A judge at the Phnom Penh Municipal Court suspended the trial of an opposition activist Monday after the defendant demanded that his alleged victims face him in court and declared that his trial was a politicized sham.
In October, Ouk Pich Samnang drove his tuk-tuk into a line of metal barricades that was blocking a group of displaced farmers from Preah Vihear province from marching toward the prime minister’s house.
Police arrested Mr. Pich Samnang and charged him with joining a criminal association, damaging public property, obstructing authorities and committing intentional violence, alleging that five security guards had been injured by his actions.
In a tense court hearing Monday, deputy prosecutor Ly Sophanna and defense lawyer Chuong Choungy went head to head after Mr. Choungy suggested that provocateurs had instigated the violence at the October protest.
The deputy prosecutor interrupted Mr. Choungy to accuse him of speculation after the lawyer asked about the presence of a “third hand.”
Mr. Choungy replied: “When you asked questions, I did not disturb even one word,” before the defendant jumped in.
“I think the court will not be able to try me because [you are] always having arguments like this,” Mr. Pich Samnang burst out, interrupting both his lawyer and the prosecutor.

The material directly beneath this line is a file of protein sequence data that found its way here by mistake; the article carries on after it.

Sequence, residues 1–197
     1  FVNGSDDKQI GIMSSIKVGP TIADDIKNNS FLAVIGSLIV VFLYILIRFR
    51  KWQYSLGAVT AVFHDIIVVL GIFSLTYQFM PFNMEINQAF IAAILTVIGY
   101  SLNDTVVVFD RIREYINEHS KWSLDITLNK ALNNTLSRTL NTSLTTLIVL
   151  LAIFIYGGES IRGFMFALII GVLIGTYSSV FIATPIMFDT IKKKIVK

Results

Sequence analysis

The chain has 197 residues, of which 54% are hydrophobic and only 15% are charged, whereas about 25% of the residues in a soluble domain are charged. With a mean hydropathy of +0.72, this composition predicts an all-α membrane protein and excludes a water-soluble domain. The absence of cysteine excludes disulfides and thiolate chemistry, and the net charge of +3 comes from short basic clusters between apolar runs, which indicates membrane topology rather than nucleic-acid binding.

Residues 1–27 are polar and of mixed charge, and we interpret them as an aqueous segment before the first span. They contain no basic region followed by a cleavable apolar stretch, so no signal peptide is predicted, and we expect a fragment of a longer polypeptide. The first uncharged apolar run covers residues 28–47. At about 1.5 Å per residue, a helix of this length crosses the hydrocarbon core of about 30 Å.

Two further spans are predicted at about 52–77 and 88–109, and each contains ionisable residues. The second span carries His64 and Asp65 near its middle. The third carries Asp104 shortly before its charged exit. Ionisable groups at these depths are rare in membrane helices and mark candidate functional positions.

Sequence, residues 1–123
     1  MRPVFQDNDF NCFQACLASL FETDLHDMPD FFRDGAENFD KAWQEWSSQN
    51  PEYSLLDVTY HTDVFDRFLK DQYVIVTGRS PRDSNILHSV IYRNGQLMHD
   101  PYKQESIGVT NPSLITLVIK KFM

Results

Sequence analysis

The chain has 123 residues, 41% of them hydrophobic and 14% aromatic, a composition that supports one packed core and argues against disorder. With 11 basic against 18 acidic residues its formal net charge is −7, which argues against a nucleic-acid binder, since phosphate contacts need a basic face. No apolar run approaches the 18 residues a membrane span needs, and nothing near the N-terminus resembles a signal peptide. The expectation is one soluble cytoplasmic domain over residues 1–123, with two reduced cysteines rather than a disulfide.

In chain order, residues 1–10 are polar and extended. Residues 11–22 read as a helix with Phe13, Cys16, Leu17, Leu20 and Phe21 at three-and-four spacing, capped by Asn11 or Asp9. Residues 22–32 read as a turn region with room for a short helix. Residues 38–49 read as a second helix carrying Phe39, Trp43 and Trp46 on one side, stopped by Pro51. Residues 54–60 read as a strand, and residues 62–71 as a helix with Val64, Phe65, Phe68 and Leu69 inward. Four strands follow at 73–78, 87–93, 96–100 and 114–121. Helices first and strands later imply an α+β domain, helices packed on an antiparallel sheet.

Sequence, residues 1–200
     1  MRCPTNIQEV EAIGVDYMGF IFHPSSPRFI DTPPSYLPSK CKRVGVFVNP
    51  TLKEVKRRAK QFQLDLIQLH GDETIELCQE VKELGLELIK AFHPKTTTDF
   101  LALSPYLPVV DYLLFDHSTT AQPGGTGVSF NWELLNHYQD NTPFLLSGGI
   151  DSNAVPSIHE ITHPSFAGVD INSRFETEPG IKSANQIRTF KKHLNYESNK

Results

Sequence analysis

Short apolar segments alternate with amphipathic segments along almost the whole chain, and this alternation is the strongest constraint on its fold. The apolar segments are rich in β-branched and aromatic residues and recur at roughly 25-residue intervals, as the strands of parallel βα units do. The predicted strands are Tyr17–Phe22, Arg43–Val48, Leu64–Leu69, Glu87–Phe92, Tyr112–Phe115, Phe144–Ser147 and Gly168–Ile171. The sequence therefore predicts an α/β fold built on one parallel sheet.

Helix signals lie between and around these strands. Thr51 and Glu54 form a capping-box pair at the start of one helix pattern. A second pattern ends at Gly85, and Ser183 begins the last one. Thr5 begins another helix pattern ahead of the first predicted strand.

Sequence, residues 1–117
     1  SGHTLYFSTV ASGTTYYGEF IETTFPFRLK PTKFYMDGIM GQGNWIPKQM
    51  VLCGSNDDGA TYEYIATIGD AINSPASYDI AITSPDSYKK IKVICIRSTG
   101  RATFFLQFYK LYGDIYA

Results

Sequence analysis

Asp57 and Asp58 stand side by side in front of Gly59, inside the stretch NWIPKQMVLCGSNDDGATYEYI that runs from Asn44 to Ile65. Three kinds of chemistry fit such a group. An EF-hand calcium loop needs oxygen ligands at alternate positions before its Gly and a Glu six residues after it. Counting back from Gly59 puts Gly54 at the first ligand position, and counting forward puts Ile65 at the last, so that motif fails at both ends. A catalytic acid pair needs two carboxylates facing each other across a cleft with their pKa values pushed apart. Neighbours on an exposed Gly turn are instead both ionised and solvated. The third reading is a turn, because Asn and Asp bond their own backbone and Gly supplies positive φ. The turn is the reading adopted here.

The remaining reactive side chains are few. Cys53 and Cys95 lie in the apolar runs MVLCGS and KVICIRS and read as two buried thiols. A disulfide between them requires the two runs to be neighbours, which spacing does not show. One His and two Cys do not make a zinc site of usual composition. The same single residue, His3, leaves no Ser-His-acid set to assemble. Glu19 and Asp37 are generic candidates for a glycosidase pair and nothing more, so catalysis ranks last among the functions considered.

“A good person was abused through politics while idiots commit sins,” he continued. “Put us in prison happily and openly so it seems we are animals. Keep us suffering in prison.”
As the defendant settled down following a five-minute break called by Judge Im Vannak, Mr. Pich Samnang said he did not understand the meaning of the charge of joining a criminal association, and his defense called for the allegedly injured security guards to present their evidence in court.
“In order to guarantee that this is a clean trial with no false accusations…I strongly demand that the plaintiffs show up,” Mr. Choungy said.
Judge Vannak responded: “Justice can happen even without confrontation [between the plaintiffs and accused],” causing Mr. Pich Samnang to rise to his feet.
“The court has imprisoned me, but there is no plaintiff to face me,” he said. “If I don’t see the reality and [there are] only accusations, I don’t accept it.”
“Please, send me to the prison,” he said angrily. “Everybody, that is all, I will go to the prison. I will not let this court try me.”
Judge Vannak instructed the defendant to “listen,” but Mr. Pich Samnang refused: “I won’t listen. I cannot listen, because you brought me to be mixed up in a political matter.
“I would like to tell the court that if these five people are not here, you don’t need to bring me to the court.”
Mr. Sophanna said the plaintiffs had not been present due to “personal problems.” Judge Vannak did not announce a date for the next hearing.